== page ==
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friends-from-college-season-three.jpg

'Friends from College' Hits Its Groove in Season Two

By Dustin Rowles | Streaming | January 15, 2019 |

By Dustin Rowles | Streaming | January 15, 2019 |


friends-from-college-season-three.jpg

I think I am among the minority of folks who liked the first season of Netflix’s Friends from College, a show that is akin to the marital version of the British The Office, in that much of the humor grew out of the awkwardness of the situations. In its first season, the show was about a group of six incestuous best friends from college reunited in their 40s, and the thing about college friends is that — no matter how old you get — when you’re around them, there’s a tendency to revert to your college “self” and behave like drunken, irresponsible assholes, especially in venues (weddings, bachelor parties, vacation weekends) that are already predisposed to that behavior. Obviously, when kids, marriages, and careers are at stake, that behavior is even more destructive. By the end of season one, this group of best friends had essentially destroyed themselves in the way that friend groups like these often do soon after college (instead of twenty years later).

Season two picks up basically a year later. The friend group has essentially disbanded thanks to the events of season one, but the impending nuptials of Max (Fred Savage) and Felix (Billy Eichner) brings them all back together again for various events leading up to that wedding (and the wedding itself). Also, in season two, everyone lives in New York, so proximity also keeps them in each others’ orbit.

It often takes a sitcom a season or so to find its footing, and as much as I liked the first season, the second season is far far better — looser, funnier, and all those awkward situations are more akin to the American The Office instead of the British version — it’s uncomfortable, but not painfully so, and the husband/wife creative team behind the series, Francesca Delbanco and Nicholas Stoller, are more quick to reach for the release valve when the stress of those situations begin to exert themselves. To wit: When Ethan (Keegan Michael-Key) and his soon-to-be ex-wife Lisa (Cobie Smulders) and their best friend, whom Ethan had been fucking for 20 years, Sam (Annie Parisse) are all forced together for Max’s bachelor party, the writers give us opportunities to laugh at other things (the strippers that Max absolutely does not want, the ridiculous David Beckham impersonator, the low-rent Atlantic City vibe) instead of stewing in the tension.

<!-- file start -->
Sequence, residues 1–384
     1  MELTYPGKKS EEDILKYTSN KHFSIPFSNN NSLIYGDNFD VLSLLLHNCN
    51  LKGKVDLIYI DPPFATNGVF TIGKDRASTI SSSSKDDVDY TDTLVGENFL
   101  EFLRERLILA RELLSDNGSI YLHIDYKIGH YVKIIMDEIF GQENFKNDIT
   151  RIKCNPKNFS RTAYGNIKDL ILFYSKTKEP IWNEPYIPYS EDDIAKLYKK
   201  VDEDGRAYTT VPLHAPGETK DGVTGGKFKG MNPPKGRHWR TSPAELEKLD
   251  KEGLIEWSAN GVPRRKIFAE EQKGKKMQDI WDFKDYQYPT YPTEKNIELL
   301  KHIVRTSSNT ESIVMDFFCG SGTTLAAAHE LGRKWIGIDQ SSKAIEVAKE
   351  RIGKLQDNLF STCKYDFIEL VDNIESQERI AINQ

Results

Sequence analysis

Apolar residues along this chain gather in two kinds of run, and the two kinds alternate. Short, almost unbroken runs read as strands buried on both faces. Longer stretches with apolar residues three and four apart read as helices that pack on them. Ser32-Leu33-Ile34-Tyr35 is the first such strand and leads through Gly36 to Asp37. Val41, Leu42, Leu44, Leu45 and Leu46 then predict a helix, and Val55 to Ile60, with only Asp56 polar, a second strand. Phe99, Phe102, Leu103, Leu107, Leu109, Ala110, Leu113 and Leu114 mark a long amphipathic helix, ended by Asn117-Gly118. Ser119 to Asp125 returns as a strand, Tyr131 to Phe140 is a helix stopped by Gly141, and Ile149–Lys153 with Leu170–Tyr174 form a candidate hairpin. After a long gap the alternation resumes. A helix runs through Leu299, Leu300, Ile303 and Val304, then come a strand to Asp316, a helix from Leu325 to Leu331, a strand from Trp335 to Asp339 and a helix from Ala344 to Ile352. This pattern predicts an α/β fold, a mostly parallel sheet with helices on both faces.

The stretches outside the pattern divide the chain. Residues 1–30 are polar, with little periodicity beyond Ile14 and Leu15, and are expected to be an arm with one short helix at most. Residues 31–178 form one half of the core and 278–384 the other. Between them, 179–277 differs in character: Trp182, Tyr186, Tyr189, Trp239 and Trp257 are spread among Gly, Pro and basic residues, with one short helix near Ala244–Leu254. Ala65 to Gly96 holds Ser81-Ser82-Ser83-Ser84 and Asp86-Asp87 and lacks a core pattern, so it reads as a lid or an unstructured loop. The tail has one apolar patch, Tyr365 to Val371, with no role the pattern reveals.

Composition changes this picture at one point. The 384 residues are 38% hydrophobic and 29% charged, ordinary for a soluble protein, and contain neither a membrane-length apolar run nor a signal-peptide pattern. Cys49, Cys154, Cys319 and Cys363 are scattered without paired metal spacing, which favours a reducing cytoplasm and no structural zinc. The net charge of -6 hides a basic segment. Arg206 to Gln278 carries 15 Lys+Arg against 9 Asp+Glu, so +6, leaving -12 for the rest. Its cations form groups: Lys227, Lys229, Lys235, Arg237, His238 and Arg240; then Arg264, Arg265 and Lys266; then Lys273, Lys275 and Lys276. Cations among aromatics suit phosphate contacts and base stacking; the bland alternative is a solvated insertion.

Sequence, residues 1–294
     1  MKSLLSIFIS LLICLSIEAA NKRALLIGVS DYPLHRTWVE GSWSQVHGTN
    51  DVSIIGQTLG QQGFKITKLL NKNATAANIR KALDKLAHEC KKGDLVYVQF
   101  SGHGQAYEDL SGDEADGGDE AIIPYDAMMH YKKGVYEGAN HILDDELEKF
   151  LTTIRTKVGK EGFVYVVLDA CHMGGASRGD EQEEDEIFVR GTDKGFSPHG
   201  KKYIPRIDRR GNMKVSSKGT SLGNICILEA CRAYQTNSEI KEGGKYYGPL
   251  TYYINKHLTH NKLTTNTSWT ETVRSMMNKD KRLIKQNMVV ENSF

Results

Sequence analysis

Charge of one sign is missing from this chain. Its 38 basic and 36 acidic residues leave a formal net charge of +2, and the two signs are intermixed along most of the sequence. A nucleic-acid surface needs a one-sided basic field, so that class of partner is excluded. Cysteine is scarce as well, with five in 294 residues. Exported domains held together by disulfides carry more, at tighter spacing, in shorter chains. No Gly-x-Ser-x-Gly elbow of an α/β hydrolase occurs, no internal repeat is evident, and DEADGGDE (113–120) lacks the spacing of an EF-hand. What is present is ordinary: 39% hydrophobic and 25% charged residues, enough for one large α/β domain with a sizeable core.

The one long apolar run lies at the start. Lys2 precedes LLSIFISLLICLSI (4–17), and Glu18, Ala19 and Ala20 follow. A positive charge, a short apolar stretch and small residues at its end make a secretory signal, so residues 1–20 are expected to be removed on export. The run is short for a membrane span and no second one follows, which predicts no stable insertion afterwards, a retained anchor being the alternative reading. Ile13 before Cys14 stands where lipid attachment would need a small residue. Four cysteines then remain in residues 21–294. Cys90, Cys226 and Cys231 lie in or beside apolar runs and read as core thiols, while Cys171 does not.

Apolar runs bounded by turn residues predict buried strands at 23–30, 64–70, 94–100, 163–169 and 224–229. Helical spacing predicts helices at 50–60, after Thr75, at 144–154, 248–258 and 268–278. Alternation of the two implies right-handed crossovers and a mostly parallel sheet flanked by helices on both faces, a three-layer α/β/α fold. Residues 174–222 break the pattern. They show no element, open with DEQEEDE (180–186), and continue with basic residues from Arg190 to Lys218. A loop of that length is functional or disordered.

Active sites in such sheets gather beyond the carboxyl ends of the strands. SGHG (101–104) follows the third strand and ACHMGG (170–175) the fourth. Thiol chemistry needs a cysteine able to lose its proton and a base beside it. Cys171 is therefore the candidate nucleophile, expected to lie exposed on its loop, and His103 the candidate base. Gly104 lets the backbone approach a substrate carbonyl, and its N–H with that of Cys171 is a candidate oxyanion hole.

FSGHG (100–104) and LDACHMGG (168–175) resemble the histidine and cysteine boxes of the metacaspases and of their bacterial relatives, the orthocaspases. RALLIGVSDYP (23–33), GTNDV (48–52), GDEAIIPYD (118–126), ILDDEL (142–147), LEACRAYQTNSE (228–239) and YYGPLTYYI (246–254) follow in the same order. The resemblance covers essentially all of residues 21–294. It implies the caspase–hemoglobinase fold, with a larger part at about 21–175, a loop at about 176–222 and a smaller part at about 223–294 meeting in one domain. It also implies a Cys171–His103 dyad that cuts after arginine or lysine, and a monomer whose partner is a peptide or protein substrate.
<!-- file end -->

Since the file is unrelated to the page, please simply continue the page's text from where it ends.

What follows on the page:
It also helps that everything is now out in the open — the first season was all about keeping long-held secrets hidden, while in the second season, everything has been revealed and instead of trying to tip-toe around it, the various characters confront the discomfort head-on. I don’t know if this is the exact right metaphor, but season one is like a funeral where the deceased died in a horrifically hilarious way and all the characters tried to mourn him while not acknowledging the way he died. Season two, on the other hand, is more like a funeral where the guy giving the eulogy begins with, “Oh shit! Can you believe Bob was killed by a falling stand mixer while having sex on the kitchen floor? At least he died doing what he loved: Making whoopie pie!” (Sorry, that was a very bad joke).

In any respect, the cast continues to be phenomenal, especially now that Keegan Michael-Key has been freed of his Fun Ethan character (“Fun Ethan is dead”) and Cobie Smulders is allowed to inflict emotional wounds instead of only absorbing them. It’s insane, however, that with a cast this fantastic that Fred Savage and his neurosis continues to be the stand-out, while even Greg Germann — in a supporting role — manages to get a lot of laughs, too, along with newcomer Charlie (Zack Robidas), Lisa’s frantically amped up boyfriend, who does terrific work as this season’s foil.

Like the second season of Santa Clarita Diet, Friends from College has found its groove, and is the rare Netflix season that’s actually shorter than I wanted it to be — I could have spent another four or five episodes with these characters, easily. It did, however, leave me pining for a third season — one in which the friend group puts itself back together again — and as Friends with College is produced in-house with Netflix, the odds of that seem pretty high.



Dustin is the founder and co-owner of Pajiba. You may email him here or follow him on Twitter.



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